silent pc, modding

Silent computer

Silencing power supply unit FSP FX600-GLN

    This construction is the first stage in the way to silent personal computer. We chose this model because of several requirements: safety, stability, capacity sufficient for a up-to-date computer (we planned to take something like Q6600, 2-4 Gb RAM, 8800 GTX(GTS)), construction which allows remodeling into the fanless one. Looking through reviews I came across the product of FSP, a 700 watt model. Such power unit has already been made passive by Mortis, but he used heat pipes in it (Mortis mentioned that there was some problems with overheating). My method is more complicated and takes more time but result is very good and you won’t regret for your efforts. My method may seem too difficult and unhandy but none the less. In general all the moddings which I have watched before were reduced to 2 not sophisticated methods: heat pipes with remote radiators and fastening the radiators of active components (as well as throttles and transformers through the angle bars pasted with hot adhesive) to the main big radiator through isolating thermal spacers. Thus, looking through reviews, I paid my attention to simplicity of series FX***-GLN construction: three small radiators, (it was stated that they achieved this by means of the scheme complication, for example, doubling of high-power diodes at the power unit outlet what in its turn resulted in reduction of their dissipation power). However Mortis reported that all the radiators (except the one with high-power diodes) were under tension and this was a big minus. Nevertheless I bought a 600 watt power unit (in easily accessible firms there were no 700 watt radiators and I decided that a 600 watt model was sufficient). The power unit was tested at first with a low resistive load, then with my present personal computer fed by 360 watt Thermaltake power supply unit. I began to think over the future construction: big shared radiator, heat removers on every coil, perhaps on capacitor, and three radiators for active components. The big radiator will also serve as an upper cover (partially); I chose AB-0093 profile (350x172 mm, AD31 alloy, base – 6 mm, edges – 30 mm parallel to the longer side, breadth between the edges – about 10 mm). Aluminium radiators of active components are replaced by the copper ones, heat removers are also copper. A transformer on the ring appeared to be the highest component, I chose the distance between the card and shared radiator – 56 mm. Disassemble the power unit: unfasten the cover with fan, take out the card, and nip off wires 220 volt (those who wish can unsolder, the solder is refractory). Unscrew the card, take it out.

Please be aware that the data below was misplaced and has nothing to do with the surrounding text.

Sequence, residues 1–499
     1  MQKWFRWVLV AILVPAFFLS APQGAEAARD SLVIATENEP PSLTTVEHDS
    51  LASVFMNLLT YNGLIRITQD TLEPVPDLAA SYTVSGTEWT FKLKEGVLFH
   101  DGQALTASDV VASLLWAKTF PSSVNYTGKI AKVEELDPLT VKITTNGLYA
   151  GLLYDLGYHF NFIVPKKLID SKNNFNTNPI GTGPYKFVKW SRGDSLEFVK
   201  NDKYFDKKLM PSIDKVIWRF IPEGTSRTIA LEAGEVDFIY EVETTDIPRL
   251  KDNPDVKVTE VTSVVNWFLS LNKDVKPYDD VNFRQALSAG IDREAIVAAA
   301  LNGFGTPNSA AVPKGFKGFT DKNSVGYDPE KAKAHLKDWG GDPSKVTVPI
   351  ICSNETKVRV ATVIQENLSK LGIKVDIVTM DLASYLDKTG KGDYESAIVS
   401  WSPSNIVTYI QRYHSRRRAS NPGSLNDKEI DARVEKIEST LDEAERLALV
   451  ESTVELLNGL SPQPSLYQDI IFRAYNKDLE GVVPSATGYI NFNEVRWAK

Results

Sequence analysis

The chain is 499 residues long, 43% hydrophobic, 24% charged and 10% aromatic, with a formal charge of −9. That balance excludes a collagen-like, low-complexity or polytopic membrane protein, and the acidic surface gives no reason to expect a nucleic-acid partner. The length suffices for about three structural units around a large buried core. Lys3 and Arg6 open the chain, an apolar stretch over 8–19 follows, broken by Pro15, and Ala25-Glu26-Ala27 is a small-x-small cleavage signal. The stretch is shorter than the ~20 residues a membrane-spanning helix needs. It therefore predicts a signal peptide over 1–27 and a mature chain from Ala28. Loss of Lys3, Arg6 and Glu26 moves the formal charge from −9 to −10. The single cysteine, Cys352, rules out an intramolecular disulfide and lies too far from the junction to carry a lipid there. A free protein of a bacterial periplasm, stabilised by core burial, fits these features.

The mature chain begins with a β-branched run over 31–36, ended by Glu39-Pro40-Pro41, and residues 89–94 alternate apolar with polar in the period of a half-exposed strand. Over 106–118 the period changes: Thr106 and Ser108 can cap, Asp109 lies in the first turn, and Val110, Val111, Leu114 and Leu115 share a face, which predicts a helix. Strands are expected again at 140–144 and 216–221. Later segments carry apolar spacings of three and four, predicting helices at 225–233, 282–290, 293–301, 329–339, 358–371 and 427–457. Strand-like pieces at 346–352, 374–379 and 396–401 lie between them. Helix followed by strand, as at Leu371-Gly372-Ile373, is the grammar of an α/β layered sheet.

Start unsoldering the components (as the transistors are unipolar, ground the soldering iron or switch off the 220 voltage before touch to be on the safe side).    
 



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Non-constructive thoughts about modding...

    All began when one day my neighbour, he is Automatic Control Engineer, came and started to beg me to give him one diode. When I asked him why, he typed modding in a search engine. And it had a great effect on me. I was sick about it. Maybe there is nothing accidental in the world and this modding seed fell into good soil. All my life I was interested in design.


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